White Line Fever


Jan-Michael Vincent .... Carrol Jo Hummer
Kay Lenz .... Jerri Kane Hummer
Slim Pickens .... Duane Haller
L.Q. Jones .... Buck
Sam Laws .... Pops
Don Porter .... Cutler
R.G. Armstrong .... The Prosecutor
Leigh French .... Lucy
Johnny Ray McGhee .... Carnell
Dick Miller (I) .... Birdie
Martin Kove .... Clem
Jamie Anderson (II) .... Jamie
David Garfield (I) .... Witness Miller (as John David Garfield)
Ron Nix .... Deputy
Swede Johnson .... Hy

WHITE LINE FEVER has the distinction of being the first contemporary studio film to focus on the theme of the independent trucker and his/her lifestyle (perhaps inspired by the TV series MOVIN' ON, which debuted a year earlier). Most others, before and since, have been little more than standard formula action-adventure/comedy flicks with the trucking theme a mere novelty, something to capitalize on the CB trend - as so many did in the 70's. Sure, WHITE LINE FEVER features its share of "big rig movie" cliches - fights, chases, crashes - set to appropriately sprightly Dukes of Hazard-ish banjo music - and of course the now-familiar independent-trucker-fights-corruption storyline itself. But the performances of Jan-Michael Vincent (who also did all his own stunts in the movie), Kay Lenz, Slim Pickens, L.Q. Jones and Sam Laws keep things believable and interesting; and, most importantly, the over-the-road sequences manage to convey something of the awesome solitude of the trucking lifestyle.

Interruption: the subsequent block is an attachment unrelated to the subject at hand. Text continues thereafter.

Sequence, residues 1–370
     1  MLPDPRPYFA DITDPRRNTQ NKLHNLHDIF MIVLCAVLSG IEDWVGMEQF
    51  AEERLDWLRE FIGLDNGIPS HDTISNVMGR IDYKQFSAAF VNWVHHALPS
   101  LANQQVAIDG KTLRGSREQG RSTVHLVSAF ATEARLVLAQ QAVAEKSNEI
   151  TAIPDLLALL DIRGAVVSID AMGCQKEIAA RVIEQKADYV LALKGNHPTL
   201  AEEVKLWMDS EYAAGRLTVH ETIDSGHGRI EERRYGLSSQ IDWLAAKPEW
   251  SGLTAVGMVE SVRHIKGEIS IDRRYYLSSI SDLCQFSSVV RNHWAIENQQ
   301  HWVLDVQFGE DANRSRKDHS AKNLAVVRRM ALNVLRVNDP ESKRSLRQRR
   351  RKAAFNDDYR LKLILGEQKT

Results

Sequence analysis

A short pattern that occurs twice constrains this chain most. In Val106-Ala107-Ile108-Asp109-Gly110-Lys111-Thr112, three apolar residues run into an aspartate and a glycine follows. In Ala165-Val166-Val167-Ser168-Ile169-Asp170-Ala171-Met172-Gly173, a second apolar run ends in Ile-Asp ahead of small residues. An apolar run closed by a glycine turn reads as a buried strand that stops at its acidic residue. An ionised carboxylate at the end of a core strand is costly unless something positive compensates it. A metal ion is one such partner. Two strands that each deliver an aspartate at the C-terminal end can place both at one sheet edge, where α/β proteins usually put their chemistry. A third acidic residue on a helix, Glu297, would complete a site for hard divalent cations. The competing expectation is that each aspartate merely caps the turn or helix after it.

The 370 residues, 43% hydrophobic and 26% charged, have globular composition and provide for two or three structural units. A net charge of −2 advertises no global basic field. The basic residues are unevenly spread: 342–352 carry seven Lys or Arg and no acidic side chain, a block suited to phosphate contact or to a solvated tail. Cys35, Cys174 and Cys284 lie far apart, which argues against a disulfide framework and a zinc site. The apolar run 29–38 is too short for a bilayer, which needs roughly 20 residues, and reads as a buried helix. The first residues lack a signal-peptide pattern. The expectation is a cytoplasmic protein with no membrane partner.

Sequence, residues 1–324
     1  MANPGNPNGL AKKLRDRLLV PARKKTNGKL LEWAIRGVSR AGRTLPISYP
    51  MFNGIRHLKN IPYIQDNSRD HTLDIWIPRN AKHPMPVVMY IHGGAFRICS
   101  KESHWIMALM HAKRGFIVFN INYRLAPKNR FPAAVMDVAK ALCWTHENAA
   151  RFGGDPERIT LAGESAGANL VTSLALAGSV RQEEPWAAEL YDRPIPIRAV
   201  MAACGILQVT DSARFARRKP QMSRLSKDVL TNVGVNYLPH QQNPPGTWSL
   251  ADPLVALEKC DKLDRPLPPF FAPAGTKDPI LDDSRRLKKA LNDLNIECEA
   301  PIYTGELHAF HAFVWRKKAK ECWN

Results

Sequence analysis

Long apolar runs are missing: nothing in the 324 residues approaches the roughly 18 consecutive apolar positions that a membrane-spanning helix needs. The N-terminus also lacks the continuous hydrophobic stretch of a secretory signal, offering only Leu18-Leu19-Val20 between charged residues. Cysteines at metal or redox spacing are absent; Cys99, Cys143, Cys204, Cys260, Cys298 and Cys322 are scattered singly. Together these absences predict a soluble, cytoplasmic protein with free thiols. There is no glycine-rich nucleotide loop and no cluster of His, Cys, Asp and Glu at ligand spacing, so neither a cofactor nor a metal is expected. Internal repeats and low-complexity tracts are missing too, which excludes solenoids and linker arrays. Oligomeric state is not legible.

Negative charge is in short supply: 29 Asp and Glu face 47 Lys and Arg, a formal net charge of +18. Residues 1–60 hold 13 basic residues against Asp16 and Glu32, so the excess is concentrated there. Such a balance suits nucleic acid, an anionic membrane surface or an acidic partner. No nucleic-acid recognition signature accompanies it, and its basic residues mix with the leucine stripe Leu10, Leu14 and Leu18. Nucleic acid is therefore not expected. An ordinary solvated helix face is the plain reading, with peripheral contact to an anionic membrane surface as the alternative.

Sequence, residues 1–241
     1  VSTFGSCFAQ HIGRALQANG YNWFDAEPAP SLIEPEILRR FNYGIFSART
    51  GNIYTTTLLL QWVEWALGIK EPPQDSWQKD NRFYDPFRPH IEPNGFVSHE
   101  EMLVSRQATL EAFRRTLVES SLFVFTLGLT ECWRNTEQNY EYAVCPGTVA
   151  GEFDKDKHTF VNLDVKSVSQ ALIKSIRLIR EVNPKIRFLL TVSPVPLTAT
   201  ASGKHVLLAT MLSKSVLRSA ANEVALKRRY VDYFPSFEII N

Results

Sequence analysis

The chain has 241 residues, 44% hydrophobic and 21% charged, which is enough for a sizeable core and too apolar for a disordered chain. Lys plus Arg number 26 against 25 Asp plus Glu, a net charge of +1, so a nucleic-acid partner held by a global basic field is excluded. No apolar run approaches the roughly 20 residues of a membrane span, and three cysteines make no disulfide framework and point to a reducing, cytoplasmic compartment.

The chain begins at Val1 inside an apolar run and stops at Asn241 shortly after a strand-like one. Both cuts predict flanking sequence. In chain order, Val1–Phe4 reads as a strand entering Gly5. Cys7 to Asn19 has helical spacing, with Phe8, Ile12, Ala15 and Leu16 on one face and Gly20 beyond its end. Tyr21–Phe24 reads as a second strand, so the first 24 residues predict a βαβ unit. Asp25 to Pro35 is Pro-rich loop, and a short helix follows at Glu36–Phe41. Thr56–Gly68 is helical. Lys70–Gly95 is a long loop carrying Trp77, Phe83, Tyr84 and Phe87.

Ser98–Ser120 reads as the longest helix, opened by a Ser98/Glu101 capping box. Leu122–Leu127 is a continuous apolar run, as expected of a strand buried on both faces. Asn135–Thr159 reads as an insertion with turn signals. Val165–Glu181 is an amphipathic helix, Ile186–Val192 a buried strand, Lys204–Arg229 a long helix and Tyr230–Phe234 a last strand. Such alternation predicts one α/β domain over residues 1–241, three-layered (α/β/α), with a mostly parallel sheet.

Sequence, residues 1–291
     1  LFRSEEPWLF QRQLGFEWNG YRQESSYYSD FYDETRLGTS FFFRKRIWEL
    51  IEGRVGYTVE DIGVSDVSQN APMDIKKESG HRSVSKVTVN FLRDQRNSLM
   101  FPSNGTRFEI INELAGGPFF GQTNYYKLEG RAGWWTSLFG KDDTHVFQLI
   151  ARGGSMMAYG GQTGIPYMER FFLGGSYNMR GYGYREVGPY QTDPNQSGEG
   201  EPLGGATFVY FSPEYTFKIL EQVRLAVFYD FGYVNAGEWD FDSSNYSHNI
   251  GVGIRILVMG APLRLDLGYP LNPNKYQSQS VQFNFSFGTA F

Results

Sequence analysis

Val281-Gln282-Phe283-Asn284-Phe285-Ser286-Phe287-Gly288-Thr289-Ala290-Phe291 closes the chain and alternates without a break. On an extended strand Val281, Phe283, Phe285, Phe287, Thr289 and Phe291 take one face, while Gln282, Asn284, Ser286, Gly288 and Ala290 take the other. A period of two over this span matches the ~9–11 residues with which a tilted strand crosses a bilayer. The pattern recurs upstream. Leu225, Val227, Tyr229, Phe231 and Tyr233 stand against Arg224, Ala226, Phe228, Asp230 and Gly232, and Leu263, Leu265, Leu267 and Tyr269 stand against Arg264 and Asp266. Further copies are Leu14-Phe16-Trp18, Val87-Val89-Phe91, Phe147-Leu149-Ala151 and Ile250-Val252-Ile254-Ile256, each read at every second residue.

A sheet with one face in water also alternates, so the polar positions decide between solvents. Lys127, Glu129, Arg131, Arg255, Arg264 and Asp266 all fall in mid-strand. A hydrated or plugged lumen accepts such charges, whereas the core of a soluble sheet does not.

WHITE LINE FEVER is indeed a "B-Movie," but it's an above average B-Movie in its realistic treatment of the concerns of a new owner-operator's indebtedness to 'The Bank,' and in its depiction of the strain any relationship feels when one of the partners is on the road for weeks at a time. In fact, from the opening title montage (set to the catchy, slightly melancholic country-pop song 'Drifting and Dreaming' by Valerie Carter), to the scenes of the wife's unsatisfying factory job and her search for something better, it's clear that this movie has much more to say about relationships that one would expect in a "trucker flick."

Note also that this was one of the early directorial/co-writing efforts of one-time Roger Corman alumnus Jonathan Kaplan, who later won acclaim for The Accused. It seems to me that just as Michael Mann - working with a much bigger budget and bigger stars - took HEAT (1995) beyond the cops-&-robbers genre by fleshing it out with realistic relationship dynamics, so has Kaplan added some authenticity and dimensionality to what would otherwise be a run-of-the-mill B-movie with the novelty appeal of big trucks.

Ultimately, however, this movie will probably find its only truly appreciative audience among those who already have an abiding interest in the truck driver mystique, and it's to that group that I would recommend this movie without reservation.